The consequence of this is that the values and needs of the Deaf community have shifted. The issues that these young people see as important are also changing. They want access to maintenance of their implants. They want access to sound. They value sound perhaps more than Deaf community members of the past. While they embrace the Deaf community and Auslan they bring with them a different set of values and needs.

Over the years I have observed closely young people who have been implanted . Of course most of these young deaf people are from hearing families. I have no research to back this but anecdotally I have noticed that their speech quality is better. Their language development is better and we have less language deprived deaf kids. Academically they appear to be performing better. The consequence is that they are more articulate and savvy.

That is not to say they do not have their problems. They still have delays in conceptual development and language. They still struggle socially. They still miss out on many things that can benefit their development such as overhearing. We cannot ignore this but I have noticed that the conceptual and language delays are more frequently not as severe as was the case in the past.

As the community evolves, how we represent these new community members must evolve with it. Organisations like Deaf Australia are funded to represent their community. The challenge for the future is to change how it represents this community so that its policies and issues represent the diversity of its members.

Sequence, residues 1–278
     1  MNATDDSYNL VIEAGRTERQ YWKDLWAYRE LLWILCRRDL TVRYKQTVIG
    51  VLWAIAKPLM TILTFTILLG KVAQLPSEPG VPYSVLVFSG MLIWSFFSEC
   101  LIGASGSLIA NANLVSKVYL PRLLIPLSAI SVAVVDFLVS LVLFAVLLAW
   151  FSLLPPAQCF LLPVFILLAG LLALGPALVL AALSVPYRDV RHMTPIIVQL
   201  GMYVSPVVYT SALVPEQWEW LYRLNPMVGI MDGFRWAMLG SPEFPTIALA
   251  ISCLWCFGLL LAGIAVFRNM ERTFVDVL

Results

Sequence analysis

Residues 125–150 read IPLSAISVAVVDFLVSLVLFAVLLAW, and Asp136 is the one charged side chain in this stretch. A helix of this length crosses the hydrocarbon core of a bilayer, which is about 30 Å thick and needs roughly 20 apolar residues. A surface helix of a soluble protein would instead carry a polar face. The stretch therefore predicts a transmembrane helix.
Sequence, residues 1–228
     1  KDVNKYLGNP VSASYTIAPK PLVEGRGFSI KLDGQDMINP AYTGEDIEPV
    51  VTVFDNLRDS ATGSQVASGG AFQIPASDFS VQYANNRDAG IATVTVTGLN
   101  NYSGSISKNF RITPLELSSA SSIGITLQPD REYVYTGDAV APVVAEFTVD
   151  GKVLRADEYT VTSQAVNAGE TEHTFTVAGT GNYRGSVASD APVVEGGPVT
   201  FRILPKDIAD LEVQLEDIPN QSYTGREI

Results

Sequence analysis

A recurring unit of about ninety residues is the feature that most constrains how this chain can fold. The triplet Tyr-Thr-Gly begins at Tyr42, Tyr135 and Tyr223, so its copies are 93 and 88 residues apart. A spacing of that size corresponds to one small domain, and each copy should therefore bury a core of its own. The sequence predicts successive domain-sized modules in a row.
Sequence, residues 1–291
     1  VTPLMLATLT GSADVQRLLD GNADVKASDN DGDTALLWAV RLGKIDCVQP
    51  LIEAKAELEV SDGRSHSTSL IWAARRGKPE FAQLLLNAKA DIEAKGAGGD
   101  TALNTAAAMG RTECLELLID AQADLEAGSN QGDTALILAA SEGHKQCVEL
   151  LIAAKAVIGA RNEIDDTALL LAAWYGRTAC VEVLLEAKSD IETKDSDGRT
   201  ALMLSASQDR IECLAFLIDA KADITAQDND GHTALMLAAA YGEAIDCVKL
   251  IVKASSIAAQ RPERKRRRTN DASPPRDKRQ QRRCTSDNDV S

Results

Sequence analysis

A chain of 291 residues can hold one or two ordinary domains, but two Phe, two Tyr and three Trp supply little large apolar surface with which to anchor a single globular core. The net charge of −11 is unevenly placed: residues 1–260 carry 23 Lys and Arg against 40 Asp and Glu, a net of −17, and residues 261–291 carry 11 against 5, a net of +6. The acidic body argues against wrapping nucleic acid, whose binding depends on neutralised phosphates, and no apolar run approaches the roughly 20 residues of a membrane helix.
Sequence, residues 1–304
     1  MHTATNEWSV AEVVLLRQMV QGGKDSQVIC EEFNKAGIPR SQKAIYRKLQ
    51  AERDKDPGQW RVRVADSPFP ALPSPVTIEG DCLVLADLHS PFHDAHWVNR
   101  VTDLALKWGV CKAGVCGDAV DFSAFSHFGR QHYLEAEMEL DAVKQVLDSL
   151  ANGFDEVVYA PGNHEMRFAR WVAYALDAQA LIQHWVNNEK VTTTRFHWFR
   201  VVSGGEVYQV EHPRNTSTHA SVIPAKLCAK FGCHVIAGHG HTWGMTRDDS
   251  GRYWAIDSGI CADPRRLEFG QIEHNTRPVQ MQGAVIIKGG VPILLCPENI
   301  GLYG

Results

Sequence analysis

The political landscape has also changed. We have the NDIS coming in. Most issues impacting on the Deaf community are decided by State Governments. Important issues like access to education, health, local services, local communities etc are all decided at State and Local government level. Arguably we need to focus more on strengthening local and State representation. How do we do this?

There is no question that the Deaf community needs Deaf Australia. The recent defunding of Deaf Australia may, in fact, be a godsend. It might be the trigger it needs to reset its agenda and consider the changing demographic and political landscape of the Deaf community.

As Ms Lloyd has suggested, it is important that the community become stronger and move forward together. It is also important that new and evolving issues are debated widely. It is important that Deaf Australia consult broadly with its members. Indeed it is already doing this now. On March 13th Deaf Australia, in partnership with Deaf Victoria, are holding a forum to discuss its new membership structure and the Deaf Friendly Scheme.

To the credit of both Deaf Australia and Deaf Victoria they are trying to make this forum as accessible as possible. The forum will be media streamed meaning that members of the Deaf community from all over Australia can participate. The media stream will be captioned as well.

This Forum will strictly focus on Deaf Australia’s new membership structure and the Deaf Friendly Scheme. It will touch on what Deaf Australia is doing to make Deaf Australia a stronger and more inclusive organisation. Let this forum be the start of a stronger and more intelligent community involvement with Deaf Australia. Let’s help Deaf Australia navigate the tough road it has ahead of it.

Deaf Australia Membership Structure Forum

When:             13th March.  

Where:           JML Centre Vicdeaf, Level 3, 340 Albert Street East Melbourne

Time:              7pm – 9pm

Media Streaming Link – http://new.livestream.com/vicdeaf 

If attending the forum, please RSVP to info@deafvictoria.org.au